Attention turns to employee benefit plans as mental healthcare claims rise
As with any other form of litigation, the analysis for bringing an employee benefits lawsuit involves some weighing of the actual costs against the potential benefits. For individual litigants, benefit claims over smaller dollar amounts tend to fall by the wayside. But when it comes to costly healthcare claims, often, the decision is made when the denial letter arrives. Expensive healthcare claims, some totaling hundreds of thousands of dollars, mandate litigation. Hefty medical bills are unbudgeted family expenses, and most American families simply cannot afford to pay for such treatments out-of-pocket. Put another way, a household budget does not serve as a reinsurer.
One area that has seen significant litigation is with claims involving inpatient residential treatment centers for children and teens. Most of these cases proceed under the Employee Retirement Income Security Act of 1974 (“ERISA”) given that many families are insured through the employee benefit plans provided by their private employers.
These cases are on the rise. In December, the U.S. Surgeon General issued its Protecting Youth Mental Health: A Surgeon General Advisory. The report looked at several factors influencing the rise in adolescent and teenage mental health issues, from social media to the effects of the pandemic. Troublingly, the report noted a record 51% increase in attempted suicides in early 2021 for adolescent girls when compared with the same measuring period in 2019. The report also noted that one in three high school students and half of female students reported persistent feelings of sadness or hopelessness, an overall increase of 40% over the past decade.
The causes for the increases abound, but the Surgeon General’s unsurprising recommendation is that employee benefit plans get serious about this issue. The report recommends that plans provide “access to comprehensive, affordable, and age-appropriate mental health care for all employees and their families, including dependent children.” The Surgeon General noted that “research shows that parental mental health challenges not only impact their productivity in the workplace but can also affect the mental health of their children.” The report concluded that, “employers should offer health insurance plans that include no or low out-of-pocket costs for mental health services, and a robust network of high-quality mental health care providers.”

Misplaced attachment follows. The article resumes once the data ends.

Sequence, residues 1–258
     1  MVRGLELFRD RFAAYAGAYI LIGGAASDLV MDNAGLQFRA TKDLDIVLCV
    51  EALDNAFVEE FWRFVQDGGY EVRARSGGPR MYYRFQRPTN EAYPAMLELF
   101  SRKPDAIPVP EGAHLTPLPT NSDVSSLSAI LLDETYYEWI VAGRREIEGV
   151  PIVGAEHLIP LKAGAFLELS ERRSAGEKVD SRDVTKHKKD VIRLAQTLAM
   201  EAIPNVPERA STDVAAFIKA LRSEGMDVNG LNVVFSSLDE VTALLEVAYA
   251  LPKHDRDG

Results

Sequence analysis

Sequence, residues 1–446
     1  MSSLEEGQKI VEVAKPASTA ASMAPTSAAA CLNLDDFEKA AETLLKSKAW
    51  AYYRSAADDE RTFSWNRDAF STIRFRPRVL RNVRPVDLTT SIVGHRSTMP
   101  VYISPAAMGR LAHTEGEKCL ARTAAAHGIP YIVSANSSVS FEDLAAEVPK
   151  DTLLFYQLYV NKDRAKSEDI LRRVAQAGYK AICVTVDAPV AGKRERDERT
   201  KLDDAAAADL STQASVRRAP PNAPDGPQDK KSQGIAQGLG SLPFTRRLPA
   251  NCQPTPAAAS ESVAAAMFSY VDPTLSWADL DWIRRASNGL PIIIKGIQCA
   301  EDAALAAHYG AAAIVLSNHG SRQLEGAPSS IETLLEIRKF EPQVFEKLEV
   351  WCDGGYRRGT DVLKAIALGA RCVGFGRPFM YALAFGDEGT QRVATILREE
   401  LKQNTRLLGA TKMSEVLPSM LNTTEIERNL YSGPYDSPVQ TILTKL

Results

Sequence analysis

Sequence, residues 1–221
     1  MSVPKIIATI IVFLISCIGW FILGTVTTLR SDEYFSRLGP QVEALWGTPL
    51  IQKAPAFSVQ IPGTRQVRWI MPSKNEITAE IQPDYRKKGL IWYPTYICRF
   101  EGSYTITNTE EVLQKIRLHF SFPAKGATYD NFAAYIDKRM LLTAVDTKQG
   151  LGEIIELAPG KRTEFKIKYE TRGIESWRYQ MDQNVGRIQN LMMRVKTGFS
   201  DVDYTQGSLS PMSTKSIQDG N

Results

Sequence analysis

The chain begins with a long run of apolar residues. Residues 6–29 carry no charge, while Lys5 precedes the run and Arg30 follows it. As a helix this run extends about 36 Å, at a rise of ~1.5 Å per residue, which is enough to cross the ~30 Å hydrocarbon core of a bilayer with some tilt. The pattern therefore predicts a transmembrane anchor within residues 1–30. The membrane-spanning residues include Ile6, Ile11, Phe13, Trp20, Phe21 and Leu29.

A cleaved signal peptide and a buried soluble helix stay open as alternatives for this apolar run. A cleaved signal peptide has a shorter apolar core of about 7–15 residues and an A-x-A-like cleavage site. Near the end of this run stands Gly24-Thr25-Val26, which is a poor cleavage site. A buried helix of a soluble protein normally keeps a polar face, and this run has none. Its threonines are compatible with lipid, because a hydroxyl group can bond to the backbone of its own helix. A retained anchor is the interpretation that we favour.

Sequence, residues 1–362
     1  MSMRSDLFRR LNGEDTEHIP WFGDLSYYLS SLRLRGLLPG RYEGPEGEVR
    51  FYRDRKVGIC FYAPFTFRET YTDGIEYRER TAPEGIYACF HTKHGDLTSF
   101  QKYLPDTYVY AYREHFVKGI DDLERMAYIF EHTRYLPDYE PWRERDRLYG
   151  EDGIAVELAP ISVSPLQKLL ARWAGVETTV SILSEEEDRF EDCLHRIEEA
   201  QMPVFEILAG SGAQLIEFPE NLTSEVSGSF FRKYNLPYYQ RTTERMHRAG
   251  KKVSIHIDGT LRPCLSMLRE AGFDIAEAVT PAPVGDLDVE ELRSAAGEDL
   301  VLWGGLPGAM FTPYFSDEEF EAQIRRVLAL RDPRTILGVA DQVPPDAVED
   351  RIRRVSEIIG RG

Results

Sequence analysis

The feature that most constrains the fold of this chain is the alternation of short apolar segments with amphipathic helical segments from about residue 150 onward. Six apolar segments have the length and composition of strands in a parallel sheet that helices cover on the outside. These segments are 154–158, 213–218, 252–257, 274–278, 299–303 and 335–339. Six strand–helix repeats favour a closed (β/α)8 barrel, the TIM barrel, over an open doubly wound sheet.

While Surgeon General’s report highlighted the needed changes for the benefit plans themselves, it is noteworthy that the litigation landscape in this area is improving for families. The Surgeon General’s advisory follows the landmark employee benefits case of Wit, et al. v. United Behavioral Health, et al., No. 14-cv-02346, 2019 WL 1033730 (N.D. Cal. Mar. 5, 2019) in which a federal district court in the Northern District of California overturned more than 60,000 claim denials, including parents seeking residential treatment for their children struggling with a range of mental health conditions including eating disorders and other self-harming behaviors. The case was appealed this summer, and the U.S. Department of Labor filed an amicus brief urging that the decision be upheld.
In Wit, the court, after an extensive bench trial (a rarity in ERISA benefits claims), issued a lengthy opinion analyzing nearly every aspect of United Healthcare’s claims processing and financial operations as it related to costly residential treatment. Wit closely examined the company’s claims processing guidelines. The court found the guidelines — which were generically applied to all residential treatment claims — violated the Generally Accepted Standards of Care for mental health treatment. Parents who have had these claims are familiar with claims processing guidelines since they are almost always cited as the reason for the denial – often with a finding that a child may ‘safely’ be treated in a lesser care facility than a residential treatment center.
Wit found that United had violated ERISA by placing an “an excessive emphasis on addressing acute symptoms and stabilizing crises while ignoring the effective treatment of members’ underlying conditions.” This “defect” led to a systemic problem in processing mental healthcare claims and consequently resulted in a “significantly narrower scope of coverage than is consistent with generally accepted standards of care.” Id. at *22. By reviewing claims in a manner inconsistent with the standards of care and artificially narrowing the limits of coverage, United violated ERISA and the statute’s fiduciary duty rules.
This was not the first time a court had found a systemic problem in mental healthcare denials. Prior to Wit, federal cases challenging the mental healthcare treatment of children with autism approached the problem similarly by scrutinizing an insurer’s treatment guidelines. In a case I co-litigated, Potter v. Blue Cross Blue Shield of Michigan, 10-CV-14981, 2013 WL 4413310 (E.D. Mich. Mar. 30, 2013), a federal district court undertook an extensive evaluation of generically applied coverage guidelines and found them lacking. The court ruled they did not comport with the updated medical standards of care for the treatment of autism. In Potter, like Wit, the court ordered the re-administration of an entire class of autism treatment claims, as the denials were based on generic medical policies that were outdated and violated ERISA.
Kids’ mental healthcare claims are real and are increasingly becoming a big issue in benefits law. The number of claims is rising, the cost of treatment is increasing, and the old methods of using generically applied treatment guidelines are being closely scrutinized. When an employee benefit plan’s rationale for denying a mental healthcare claim violates ERISA’s fiduciary standards, federal courts are comfortable overturning those denials on a mass scale.